people FEEL POWERLESS TO CHALLENGE LANDLORDS
A common theme in the stories was the relative power landlords have over tenants - how this impacts renters’ lives and their ability to speak up in case of problems.
As shown throughout this report, landlords have considerable power over tenants. Multiple factors - insecure tenure; the lack of affordable alternative properties available - have combined to limit renters’ power. This dynamic was particularly evident in the numerous stories that mention neglected maintenance and repairs, landlords abusing power, and how renters responded.
Neglected maintenance and repairs
A high proportion of stories mentioned renters’ experiences living with the consequences of neglected maintenance and repairs. As the stories show, this neglect impacted renters’ quality of life, mental health, physical safety and in some cases imposed additional costs on renters.
Landlords have a legal obligation to keep properties weathertight and to provide and maintain properties in a reasonable state of repair. Many landlords fulfill these legal responsibilities, some even going above and beyond to provide good homes for their tenants. However, in this review the majority of stories mentioned some form of neglected or delayed maintenance that reduced their enjoyment of the property:
Renters noted the stress, frustration and unpleasantness of chasing landlords. They noted:
In some cases delayed repairs caused tenants to incur extra costs. Two renters shared stories of broken hot water cylinders that landlords failed to fix, which added hundreds of dollars per month to the renters’ power bills.
Neglected maintenance also left renters exposed to hazards:
This final story probably refers to foil insulation, which according to Tenancy Services should not be touched without switching off the power at the mains as it is an electrocution risk.
Renters’ reluctance to speak up for fear of retaliation
Given the severity of these situations, it is worth questioning why renters did not pursue their legal rights by issuing a 14-day notice requesting repairs - the first step towards mediation or a case in the Tenancy Tribunal. Among the hundreds of stories, only five responders mentioned that they had issued a 14-day notice to their landlord. Only 12 stories mentioned tenants bringing a case against their landlord.
Based on the stories, there is a clear reason why renters did not assert their legal rights. In multiple cases, landlords interpreted renters’ requests for repairs or maintenance as opportunities to raise the rent or evict the tenants. As one renter noted:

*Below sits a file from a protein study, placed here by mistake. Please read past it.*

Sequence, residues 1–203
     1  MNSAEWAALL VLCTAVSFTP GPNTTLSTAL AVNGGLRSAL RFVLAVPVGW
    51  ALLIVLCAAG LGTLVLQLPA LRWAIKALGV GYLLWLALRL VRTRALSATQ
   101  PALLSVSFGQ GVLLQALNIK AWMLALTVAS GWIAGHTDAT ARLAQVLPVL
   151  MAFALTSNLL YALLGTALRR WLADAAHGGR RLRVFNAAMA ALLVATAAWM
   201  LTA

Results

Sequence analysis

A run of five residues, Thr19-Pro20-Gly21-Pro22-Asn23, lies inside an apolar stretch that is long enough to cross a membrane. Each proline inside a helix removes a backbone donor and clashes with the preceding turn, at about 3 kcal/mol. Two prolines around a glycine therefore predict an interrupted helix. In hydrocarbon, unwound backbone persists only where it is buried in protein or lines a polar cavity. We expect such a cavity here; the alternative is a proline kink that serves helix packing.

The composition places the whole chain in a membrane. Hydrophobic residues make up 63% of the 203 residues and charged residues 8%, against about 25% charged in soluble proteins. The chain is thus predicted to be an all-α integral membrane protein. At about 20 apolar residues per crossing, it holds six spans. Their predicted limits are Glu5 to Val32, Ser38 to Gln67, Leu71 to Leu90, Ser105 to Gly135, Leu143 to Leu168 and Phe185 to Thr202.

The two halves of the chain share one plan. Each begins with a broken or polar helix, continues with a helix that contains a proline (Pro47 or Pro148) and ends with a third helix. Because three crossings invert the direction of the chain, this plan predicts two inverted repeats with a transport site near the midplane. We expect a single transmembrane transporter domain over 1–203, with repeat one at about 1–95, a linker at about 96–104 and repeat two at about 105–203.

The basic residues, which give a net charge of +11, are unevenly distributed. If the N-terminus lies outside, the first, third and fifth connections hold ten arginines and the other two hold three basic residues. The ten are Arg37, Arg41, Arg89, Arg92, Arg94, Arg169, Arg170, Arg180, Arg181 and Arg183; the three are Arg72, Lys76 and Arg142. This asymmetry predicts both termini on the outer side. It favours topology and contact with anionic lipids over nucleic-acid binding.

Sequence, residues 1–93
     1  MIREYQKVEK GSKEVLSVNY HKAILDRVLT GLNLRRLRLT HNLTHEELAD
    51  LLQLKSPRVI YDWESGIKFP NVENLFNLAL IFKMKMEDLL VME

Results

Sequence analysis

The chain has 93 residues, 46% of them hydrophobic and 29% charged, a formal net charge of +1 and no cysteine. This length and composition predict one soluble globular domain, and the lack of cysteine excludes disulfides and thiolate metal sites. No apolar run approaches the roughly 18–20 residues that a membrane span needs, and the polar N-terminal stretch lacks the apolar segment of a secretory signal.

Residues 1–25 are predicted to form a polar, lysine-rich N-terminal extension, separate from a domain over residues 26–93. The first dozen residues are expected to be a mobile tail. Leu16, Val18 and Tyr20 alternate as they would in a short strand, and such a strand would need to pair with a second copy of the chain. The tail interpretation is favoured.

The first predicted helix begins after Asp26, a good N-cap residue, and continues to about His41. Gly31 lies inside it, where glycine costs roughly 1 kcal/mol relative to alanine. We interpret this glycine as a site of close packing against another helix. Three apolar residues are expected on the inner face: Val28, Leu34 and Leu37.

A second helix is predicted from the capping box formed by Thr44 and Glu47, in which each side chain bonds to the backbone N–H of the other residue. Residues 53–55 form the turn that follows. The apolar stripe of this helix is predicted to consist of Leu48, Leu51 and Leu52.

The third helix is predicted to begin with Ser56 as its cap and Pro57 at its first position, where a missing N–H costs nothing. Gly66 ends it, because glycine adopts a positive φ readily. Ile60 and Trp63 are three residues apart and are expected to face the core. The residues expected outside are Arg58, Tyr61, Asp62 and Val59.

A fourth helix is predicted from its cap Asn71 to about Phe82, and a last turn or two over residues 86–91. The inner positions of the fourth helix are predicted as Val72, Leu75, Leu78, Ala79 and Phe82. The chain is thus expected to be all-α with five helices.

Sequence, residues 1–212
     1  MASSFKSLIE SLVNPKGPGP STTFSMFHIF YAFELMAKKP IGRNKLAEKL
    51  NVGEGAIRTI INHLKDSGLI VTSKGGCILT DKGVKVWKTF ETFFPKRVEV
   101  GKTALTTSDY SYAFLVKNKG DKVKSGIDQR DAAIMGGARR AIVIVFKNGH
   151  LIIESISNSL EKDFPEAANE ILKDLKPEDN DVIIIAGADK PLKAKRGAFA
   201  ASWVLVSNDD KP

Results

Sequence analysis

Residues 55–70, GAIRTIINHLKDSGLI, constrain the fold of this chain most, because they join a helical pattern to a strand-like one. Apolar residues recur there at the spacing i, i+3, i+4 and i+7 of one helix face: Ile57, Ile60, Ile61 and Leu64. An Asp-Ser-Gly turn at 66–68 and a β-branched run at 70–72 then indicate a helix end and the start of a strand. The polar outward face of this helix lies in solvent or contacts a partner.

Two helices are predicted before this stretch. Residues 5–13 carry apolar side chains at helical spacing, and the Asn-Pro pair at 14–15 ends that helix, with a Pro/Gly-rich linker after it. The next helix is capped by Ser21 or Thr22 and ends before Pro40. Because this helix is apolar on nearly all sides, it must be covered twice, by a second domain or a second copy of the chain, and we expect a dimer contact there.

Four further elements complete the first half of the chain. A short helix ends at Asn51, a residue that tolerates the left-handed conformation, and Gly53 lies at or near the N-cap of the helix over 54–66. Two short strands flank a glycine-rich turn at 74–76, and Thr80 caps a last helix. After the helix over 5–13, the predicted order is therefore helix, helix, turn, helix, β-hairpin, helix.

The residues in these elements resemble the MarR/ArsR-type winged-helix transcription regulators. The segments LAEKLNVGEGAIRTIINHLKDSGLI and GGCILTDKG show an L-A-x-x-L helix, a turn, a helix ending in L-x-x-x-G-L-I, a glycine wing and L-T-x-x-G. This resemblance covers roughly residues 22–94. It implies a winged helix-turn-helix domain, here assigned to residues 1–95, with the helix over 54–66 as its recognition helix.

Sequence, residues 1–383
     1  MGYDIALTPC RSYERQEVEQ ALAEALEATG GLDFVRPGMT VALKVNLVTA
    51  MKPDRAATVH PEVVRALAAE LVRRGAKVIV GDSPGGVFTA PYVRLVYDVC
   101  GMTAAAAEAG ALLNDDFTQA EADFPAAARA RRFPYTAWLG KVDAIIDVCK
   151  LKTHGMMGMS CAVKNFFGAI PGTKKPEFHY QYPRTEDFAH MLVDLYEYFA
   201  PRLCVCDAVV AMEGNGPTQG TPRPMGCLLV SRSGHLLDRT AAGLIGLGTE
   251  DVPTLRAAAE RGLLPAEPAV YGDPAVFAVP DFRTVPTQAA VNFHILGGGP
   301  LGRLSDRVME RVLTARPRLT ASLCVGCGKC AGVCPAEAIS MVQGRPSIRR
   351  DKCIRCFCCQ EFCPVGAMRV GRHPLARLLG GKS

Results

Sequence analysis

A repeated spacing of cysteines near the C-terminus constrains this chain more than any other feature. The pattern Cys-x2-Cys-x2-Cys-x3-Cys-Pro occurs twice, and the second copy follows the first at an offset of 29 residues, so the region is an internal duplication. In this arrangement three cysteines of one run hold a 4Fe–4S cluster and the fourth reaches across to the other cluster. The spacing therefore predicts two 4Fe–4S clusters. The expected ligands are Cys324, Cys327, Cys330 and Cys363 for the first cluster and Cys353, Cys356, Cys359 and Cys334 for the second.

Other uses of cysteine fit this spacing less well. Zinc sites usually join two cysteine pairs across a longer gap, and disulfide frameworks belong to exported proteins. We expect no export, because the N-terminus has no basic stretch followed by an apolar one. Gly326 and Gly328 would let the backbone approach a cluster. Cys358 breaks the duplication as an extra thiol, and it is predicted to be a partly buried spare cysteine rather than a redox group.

Another renter shared that a leaking septic tank had formed a swamp in his backyard. He and his partner debated whether to report it, fearing a rent rise. They eventually did report it, the landlord did raise the rent, and they had to move.
Multiple responders stated that fear of rent rises and eviction prevented them even from reporting problems:
Several tenants explained how this fear left them “stuck”:
Besides fear of rent rise or eviction, other reasons renters expressed for not pursuing their legal rights included being busy with work or study, and having too little proof. Lack of education about their rights may have been another prohibiting factor.
These stories add weight to previous research showing that tenants often choose not to report problems. Research involving interviews with tenants and their advocates found that this is due to a lack of knowledge or confidence, high costs in time and effort to pursue a claim, the belief that reporting problems will not lead to resolution, and fear of eviction. This research showed that tenants have more success in asserting their rights when an advocate supported them; yet there are few advocate organisations nationwide. In reality, few tenants report problems. In the 2015/2016 financial year, only one in ten Tenancy Tribunal cases were brought by tenants, according to information received in an official information request.
Other forms of abuse by landlords
The stories also demonstrated a wide range of other abusive practices by landlords:
Several renters shared examples of landlords lying in order to give a 42-day notice period, by falsely telling tenants that their family would be moving in:
These sorts of behaviour are not surprising in an environment where landlords and property managers are not regulated, and renters are so reluctant to speak up.
Enforcing the law relies on renters - yet renters feel powerless
These stories emphasise the impacts of the power imbalance between landlords and tenants. As the examples highlight, renters feel powerless to challenge landlords’ behaviour that is illegal or harming their interests. This is highly problematic: the current means of regulation relies on tenants to proactively report problems in order to enforce the law. Local or central government inspectors will only intervene in the most severe breaches of the law.
Unless the power imbalance is addressed, the law that protects tenants will not be addressed. As so many renters shared:
Leaving the wellbeing of renters up to the “mercy” of landlords is an unacceptable way to ensure that people’s right to housing is realised. And the stories show it is not working.